By Corinne Yeadon, Being Better
It is coming up to four weeks since the dreaded text, “Dear Corinne Yeadon Your Coronavirus test result is positive… Try not to worry.”
The result received within 24 hours of taking the test was no surprise. The writing was on the wall when I woke up and Ollie our Greek rescue dog emitted one of his noxious gaseous emissions and I was oblivious to the stench. Symptoms of zero taste or smell added to a nattering cough, sore throat, cold, headache, exhaustion and wheezing, so it felt pretty ominous. The worry or blind panic, more accurately, felt at the outset of symptoms were not rooted in my health but that of my daughter who is a cancer survivor and has impaired lung function. We had been painstaking in shielding her for over four months and super cautious since then. I am now supremely grateful for listening to my inner voice and avoiding meeting people and not providing face to face therapy sessions. No-one wants to be a “superspreader.” The thought of unknowingly infecting others is in my opinion more worrisome than the prospect of contracting the virus. Nobody elects to host this hideous virus or consciously expose others to infection.
There followed a tsunami of symptoms for 12 days, making the most daily basic functions a challenge and some less severe symptoms that were just plain strange. I am relieved to say that the four-foot sparrow is no longer gently wafting its wings in the tree outside my window, which at the time I knew was probably a result of my raised temperature but that knowledge didn’t make it any less visible. My normally crazy curly hair went straight as a die and my skin was reduced to a dry, papery texture, not helped by constant handwashing and sanitising. I was thrown by the degree of confusion and inability to muster the concentration and cognition required for basic tasks. Physical low points seemed to be mirrored by low mood and feelings of helplessness.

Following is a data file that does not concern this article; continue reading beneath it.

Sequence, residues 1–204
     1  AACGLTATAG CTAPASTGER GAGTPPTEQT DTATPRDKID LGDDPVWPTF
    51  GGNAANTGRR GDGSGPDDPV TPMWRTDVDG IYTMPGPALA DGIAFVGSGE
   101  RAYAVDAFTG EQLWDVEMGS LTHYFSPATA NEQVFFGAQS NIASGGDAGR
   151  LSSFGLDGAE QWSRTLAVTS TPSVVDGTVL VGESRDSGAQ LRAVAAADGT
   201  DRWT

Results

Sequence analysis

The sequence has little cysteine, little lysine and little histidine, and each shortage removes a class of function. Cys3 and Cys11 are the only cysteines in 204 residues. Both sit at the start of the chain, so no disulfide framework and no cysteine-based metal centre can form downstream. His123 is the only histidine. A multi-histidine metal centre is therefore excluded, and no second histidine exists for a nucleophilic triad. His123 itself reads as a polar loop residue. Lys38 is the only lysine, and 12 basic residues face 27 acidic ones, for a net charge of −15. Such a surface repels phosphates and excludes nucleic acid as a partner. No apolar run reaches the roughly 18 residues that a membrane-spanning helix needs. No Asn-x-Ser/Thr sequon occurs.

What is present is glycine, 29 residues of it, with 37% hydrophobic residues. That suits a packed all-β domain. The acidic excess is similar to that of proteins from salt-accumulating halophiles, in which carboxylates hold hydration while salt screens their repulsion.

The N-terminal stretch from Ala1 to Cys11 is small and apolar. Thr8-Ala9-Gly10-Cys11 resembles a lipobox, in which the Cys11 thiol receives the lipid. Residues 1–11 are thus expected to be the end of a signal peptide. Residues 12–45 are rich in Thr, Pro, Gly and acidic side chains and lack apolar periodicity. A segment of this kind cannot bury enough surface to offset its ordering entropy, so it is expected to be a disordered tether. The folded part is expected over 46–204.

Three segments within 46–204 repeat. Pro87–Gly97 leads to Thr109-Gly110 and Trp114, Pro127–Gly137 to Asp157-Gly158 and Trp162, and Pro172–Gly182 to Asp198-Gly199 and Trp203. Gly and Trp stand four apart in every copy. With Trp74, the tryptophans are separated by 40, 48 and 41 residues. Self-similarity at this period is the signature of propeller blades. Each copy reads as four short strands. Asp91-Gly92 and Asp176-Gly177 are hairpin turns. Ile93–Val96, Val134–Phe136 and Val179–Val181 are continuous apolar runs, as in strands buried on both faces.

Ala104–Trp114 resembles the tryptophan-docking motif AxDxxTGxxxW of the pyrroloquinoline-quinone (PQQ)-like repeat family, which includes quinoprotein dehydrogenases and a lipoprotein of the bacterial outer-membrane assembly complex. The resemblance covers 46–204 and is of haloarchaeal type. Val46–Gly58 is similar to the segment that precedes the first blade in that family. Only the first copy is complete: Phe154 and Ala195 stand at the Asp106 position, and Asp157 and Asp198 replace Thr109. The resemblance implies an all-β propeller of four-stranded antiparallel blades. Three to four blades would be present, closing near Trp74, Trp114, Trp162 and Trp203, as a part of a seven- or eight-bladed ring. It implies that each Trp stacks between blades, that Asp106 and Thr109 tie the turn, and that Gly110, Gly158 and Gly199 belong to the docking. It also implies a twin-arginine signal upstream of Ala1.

In spite of attempting to stay separate from my husband and daughter, my husband also contracted COVID. He is almost 10 years into recovery from alcohol addiction and likened COVID symptoms to the horrors of alcohol withdrawal.
The mindset we employed was to just get through and do our utmost to keep my daughter safe by being distanced, keeping windows open, constantly washing hands, wearing masks, disinfecting touch points and having separate utensils and towels. She relies on us for her care and daily needs and without the kindness of friends providing provisions and support I do not know how we would have coped. There followed relays of napping, regular paracetamol, fluids and vitamins.
If the illness wasn’t bad enough the constant bombardment of calls and texts from test and trace were a nightmare. If being capable of talking was a possibility I would have spoken to loved ones. Callers ranged from the robotic and disinterested to those who expressed care and concern. I constantly reminded myself that they are doing a job in a deeply flawed system, but it wasn’t easy.
Thankfully we turned a corner and miraculously my daughter swerved Covid. We are a thousand times improved. The recovery process is not as speedy as the onset of symptoms. I turn into Bagpuss by early evening. The slightest physical exertion is akin to sprinting up the three peaks and providing an ordinary meal requires the concentration and effort of preparing a 12-course tasting menu. Fortunately, day by day there is an improvement. During the pandemic, it was an eye-opener to how much I had taken for granted – freedom, friends and company. Having no taste or smell seems like a posh problem, however, I fantasise about lemon meringue pie, the buttery crumbly pastry combined with the sharp lemon and crisp sugary fluffy meringue clouds. Hopefully, in time it will return.
While it was a horrific experience and we are still finding our feet, we consider ourselves fortunate to be talking about recovering. We are also massively appreciative of the kind messages of support. This experience has jolted us into recognising what is important and has taken our feelings of gratitude to a whole other level.